Thursday, October 28, 2004

ASBOs in the eye of the beholders

Recommended reading for Mr Blunkett: The BBC asks readers, "Do anti-social behaviour orders work?" and, for once, gets a pretty consistent stretch of answers...

Update: Also worth checking out is the Q & A session with Shami Chakrabarti, director of Liberty. She deals quite calmly and sensibly with some of the issues and opinions for and against ASBOs, for example:

"My family has suffered for 18 months from young youths who have threatened to damage my property and shout verbal abuse. I believe that more power should be given to the police and courts. Do you agree? (Keith Bennett)

"When there are serious problems of crime and what’s now being called anti-social behaviour, the easiest thing for a Home Secretary to do is to say, I’m going to tackle this by creating more powers by legislating again and that is why we’ve had 30 criminal justice Bills in the last 10 years.

I’m afraid that the tough truth is that more and more criminal offences, wider and wider police powers do not in themselves solve deep-seated problems of crime and anti-social behaviour. You can solve perhaps a bit more by having more financial resources to put into policing and also to put into tackling the causes of crime, like high unemployment in certain areas, drug addiction, poor housing and so on. But just legislating is the cheapest thing in the world, the easiest thing in the world and it doesn’t necessarily always do any real good.

New 'yob' targets to be unveiled

According to the BBC, the Home Office is pressing forwards with its widespread, "tough-on-crime, tough-on-10-year-old-kids" ASBO plans around the country, bringing in specialised experts as promised.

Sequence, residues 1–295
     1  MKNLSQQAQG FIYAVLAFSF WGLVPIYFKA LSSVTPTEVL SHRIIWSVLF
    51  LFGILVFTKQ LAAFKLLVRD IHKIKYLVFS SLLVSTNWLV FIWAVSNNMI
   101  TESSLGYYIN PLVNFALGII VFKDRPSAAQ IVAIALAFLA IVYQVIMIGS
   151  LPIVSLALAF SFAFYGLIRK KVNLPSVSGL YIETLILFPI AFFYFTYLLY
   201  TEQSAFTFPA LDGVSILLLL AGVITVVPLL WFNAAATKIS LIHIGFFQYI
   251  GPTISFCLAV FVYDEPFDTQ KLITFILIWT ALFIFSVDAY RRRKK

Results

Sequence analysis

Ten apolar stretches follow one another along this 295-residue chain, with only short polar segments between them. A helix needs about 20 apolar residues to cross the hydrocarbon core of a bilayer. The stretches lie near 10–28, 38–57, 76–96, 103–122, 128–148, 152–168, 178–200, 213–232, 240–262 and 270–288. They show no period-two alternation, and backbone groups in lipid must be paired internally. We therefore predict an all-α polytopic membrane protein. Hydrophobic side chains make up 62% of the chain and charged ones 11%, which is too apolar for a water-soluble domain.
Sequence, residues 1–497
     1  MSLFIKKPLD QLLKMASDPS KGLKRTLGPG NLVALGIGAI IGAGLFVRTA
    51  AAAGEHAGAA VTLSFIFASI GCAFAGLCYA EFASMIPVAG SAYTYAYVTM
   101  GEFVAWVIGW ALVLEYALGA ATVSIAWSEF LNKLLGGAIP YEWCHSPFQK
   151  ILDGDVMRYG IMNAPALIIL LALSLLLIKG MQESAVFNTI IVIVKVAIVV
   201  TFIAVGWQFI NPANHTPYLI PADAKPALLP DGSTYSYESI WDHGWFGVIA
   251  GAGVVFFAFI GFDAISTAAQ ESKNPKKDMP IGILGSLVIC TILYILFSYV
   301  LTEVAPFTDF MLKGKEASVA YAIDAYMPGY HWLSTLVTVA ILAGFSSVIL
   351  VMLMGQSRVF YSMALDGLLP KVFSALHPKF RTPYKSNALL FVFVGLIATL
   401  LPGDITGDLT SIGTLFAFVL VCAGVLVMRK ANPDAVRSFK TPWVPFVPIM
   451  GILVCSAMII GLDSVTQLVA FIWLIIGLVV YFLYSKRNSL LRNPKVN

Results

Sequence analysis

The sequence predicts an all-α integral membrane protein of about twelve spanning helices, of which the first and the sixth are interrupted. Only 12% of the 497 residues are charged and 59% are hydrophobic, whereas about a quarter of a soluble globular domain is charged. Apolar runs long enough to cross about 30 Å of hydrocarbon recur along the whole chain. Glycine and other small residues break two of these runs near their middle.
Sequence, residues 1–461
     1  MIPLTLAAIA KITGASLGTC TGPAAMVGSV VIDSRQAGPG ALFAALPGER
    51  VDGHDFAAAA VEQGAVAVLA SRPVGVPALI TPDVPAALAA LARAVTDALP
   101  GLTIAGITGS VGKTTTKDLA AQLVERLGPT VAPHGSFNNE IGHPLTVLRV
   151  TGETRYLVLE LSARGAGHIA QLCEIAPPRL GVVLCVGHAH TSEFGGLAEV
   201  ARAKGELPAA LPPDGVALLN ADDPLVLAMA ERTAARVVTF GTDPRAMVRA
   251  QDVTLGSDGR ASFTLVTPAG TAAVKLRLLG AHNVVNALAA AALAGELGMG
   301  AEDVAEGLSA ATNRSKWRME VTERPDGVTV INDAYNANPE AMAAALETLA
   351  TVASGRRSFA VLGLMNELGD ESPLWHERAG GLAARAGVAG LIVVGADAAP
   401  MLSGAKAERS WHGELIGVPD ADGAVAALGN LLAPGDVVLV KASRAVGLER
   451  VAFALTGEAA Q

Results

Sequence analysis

But do they really work at all? Or are we just trying to get our population to behave through heavy-handed threat of incarceration and violence?

Minister Hazel Blears also revealed this week that "about a third" of Asbos were breached - with some people jailed and others not. (And how come this appears as the last 2 lines in the BBC article? Aren't statistics like this important any more?)

BBC Magazine highlight some of the more original uses for ASBOs so far, confirming the question: Are we merely using draconian legal measures to replace our lack of social cohesion and our ability to raise the next generation sensibly?

Or, to put it another way, are we now so isolated from each other that our only recourse is a political+enforcement one? Are we no longer in a position to recognise, deal with and prevent the very real problems arising directly around us? If so, why not? If the factors that traditionally stop us from tearing each other apart are failing, what's to say that ASBOs are a decent, long-term solution?

Wednesday, October 27, 2004

What do *you* think?

According to their press release, the Home Office have issued a couple of documents today, including their response to the HAC (40 pages), and a Summary of Consultation Findings (104 pages).

The Summary of Findings looks interesting. I note initially that while the government are quick to tout the popularity of the old "Entitlement Cards" as a solid backing for progressing with a scheme ("The purpose of the consultation exercise was to elicit views on the draft legislation, rather than on the principle of introducing identity cards, which has already been shown to have widespread public support."), they note that the consultation itself should be viewed from a much more skewed viewpoint:

"It is worth bearing in mind that responses to consultation exercises are by definition self-selecting rather than representative. People tend to be motivated to write in because they are opposed to the proposals under consultation."

This may be worth bearing in mind when the consultation figures seem to conflict with recent research. Compare:

Consultation Responses

Opposed: 48%
In favour: 31%
Supportive in principle, with reservations: 8%
Neutral: 13%

General Correspondence received during the consultation period

Opposed: 21%
In favour: 31%
Neutral: 48%